Wednesday, April 12, 2006

Number words

In American English, and I imagine in other languages, some numbers have meanings that might not be obvious to a foreigner. Probably the best-known of these is 911, which is what one dials on the telephone in an emergency. When interpreting "call 911" for a non-American Spanish speaker, therefore, it's far more meaningful to say "Llame a la linea de emergencia" then "Llame 911". Telephone conventions in the U.S. also give us "the 411", referring to information on someone or something, and "an 800 number" for a toll-free number (even though there are several other prefixes, such as 888, that indicate a free call). Most number words seem to be nouns, but I do have a friend who will sometimes "*69" (pronounced "star sixty-nine") someone, taking advantage of a feature available on many phones allowing one to dial the number of the last received call.

Outside the realm of telephone services, I can think of one that may not be well-known in states other than California: "420" for marijuana. For a long time I was under the common misconception that this is from the penal code section for marijuana use in the state, but this is not the case; you can read the true origins of the term here.

I was inspired to write on this subject when it occurred to me that my foreign readers might not know the meaning of "Grammar 101" in my previous post. When the name of a subject is followed by the number "101", it refers to a basic lesson in that subject. This comes from a system used by universities in which classes are named by the department followed by a number, with 101 being the introductory course. The higher the number, the more advanced the class. Interestingly, however, none of the colleges and universities I have attended actually use this system; it seems more common, at least these days, to give single-digit numbers to basic courses. Nevertheless, the term has stuck.

And though this isn't a number word per se, I have to add, on the subject of university course numbering, that I find it absolutely charming that the undergraduate quantum mechanics course at the University of California, Berkeley is Physics 137. If you don't know why, look up "fine-structure constant".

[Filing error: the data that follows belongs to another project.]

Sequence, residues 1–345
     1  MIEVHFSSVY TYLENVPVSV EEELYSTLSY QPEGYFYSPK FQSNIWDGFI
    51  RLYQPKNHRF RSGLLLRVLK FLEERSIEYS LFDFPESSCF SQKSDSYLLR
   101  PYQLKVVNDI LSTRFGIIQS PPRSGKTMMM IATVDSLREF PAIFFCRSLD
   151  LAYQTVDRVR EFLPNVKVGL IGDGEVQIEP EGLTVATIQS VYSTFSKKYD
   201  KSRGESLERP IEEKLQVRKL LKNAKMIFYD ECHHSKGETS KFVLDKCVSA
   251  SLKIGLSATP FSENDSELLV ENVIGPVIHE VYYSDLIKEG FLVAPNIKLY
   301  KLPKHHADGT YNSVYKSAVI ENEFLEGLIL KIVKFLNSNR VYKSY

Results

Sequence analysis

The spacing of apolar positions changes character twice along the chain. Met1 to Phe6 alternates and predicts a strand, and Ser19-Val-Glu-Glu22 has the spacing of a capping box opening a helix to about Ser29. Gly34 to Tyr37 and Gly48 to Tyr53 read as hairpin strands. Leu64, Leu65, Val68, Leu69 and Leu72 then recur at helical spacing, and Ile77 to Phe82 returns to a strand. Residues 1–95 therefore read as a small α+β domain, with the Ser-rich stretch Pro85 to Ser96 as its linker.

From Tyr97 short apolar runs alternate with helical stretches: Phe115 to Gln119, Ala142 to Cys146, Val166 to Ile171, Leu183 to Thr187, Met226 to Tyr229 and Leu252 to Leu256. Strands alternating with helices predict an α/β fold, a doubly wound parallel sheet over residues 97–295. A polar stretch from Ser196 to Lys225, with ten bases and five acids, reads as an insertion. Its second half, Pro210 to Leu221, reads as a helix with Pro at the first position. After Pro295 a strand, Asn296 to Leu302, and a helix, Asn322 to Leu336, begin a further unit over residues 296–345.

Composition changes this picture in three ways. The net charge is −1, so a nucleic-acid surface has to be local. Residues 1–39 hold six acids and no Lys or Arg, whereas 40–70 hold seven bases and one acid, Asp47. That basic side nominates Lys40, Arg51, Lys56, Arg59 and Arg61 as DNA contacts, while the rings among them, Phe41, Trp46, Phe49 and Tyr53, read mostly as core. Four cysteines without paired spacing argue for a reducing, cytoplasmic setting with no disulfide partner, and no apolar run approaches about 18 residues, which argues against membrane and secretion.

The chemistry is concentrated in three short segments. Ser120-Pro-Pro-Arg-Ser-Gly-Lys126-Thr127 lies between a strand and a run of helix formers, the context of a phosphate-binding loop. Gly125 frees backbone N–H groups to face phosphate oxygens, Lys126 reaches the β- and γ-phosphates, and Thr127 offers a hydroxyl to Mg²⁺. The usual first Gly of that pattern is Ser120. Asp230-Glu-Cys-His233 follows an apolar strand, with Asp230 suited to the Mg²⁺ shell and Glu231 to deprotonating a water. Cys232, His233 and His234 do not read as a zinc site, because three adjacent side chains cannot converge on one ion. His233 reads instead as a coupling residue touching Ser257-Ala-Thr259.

Martha said...

Ooo, yeah! And how about "404"? That's now in the Encarta Dictionary, as "an offensive term." Didn't take long, did it?

Language Lover said...

Interesting...I haven't come across "404" used that way, which is strange considering I live and work in Silicon Valley! Thanks for the comment. I'll keep my ears open for it.

Anonymous said...

I always thought 86'd was an interesting term to say you were banned from a place.

Also, at work our code to get into the door is 357, which I was told is short for a gun - 357 magnum. Although it is now easy to remember, it's really not that comforting to have a weapon as a door code to an office.

Language Lover said...

Thank you, anonymous (would that be "Officer"?). I've always heard "86" meaning "to kill", but the Urban Dictionary lists several definitions for that number. The most accepted origin for "86" meaning "to be banned" seems to be related to the address of a speakeasy during Prohibition.

Emi said...

Hello! I'm a violinist and a physics major with a penchant for languages, and I found your blog through a violinist forum.

Just wanted to say that I love reading your blog--the way you relate all of your different interests in your musings is thought-provoking and enjoyable. (It probably helps that a lot of your interests overlap with mine, of course.)

Also, the Berkeley course number is too cute!

Language Lover said...

Thanks for your comment, Emi. I'm always thrilled to meet other language lovers who find me through this blog. And we have yet one more thing in common...I'm an MIT alumna. :)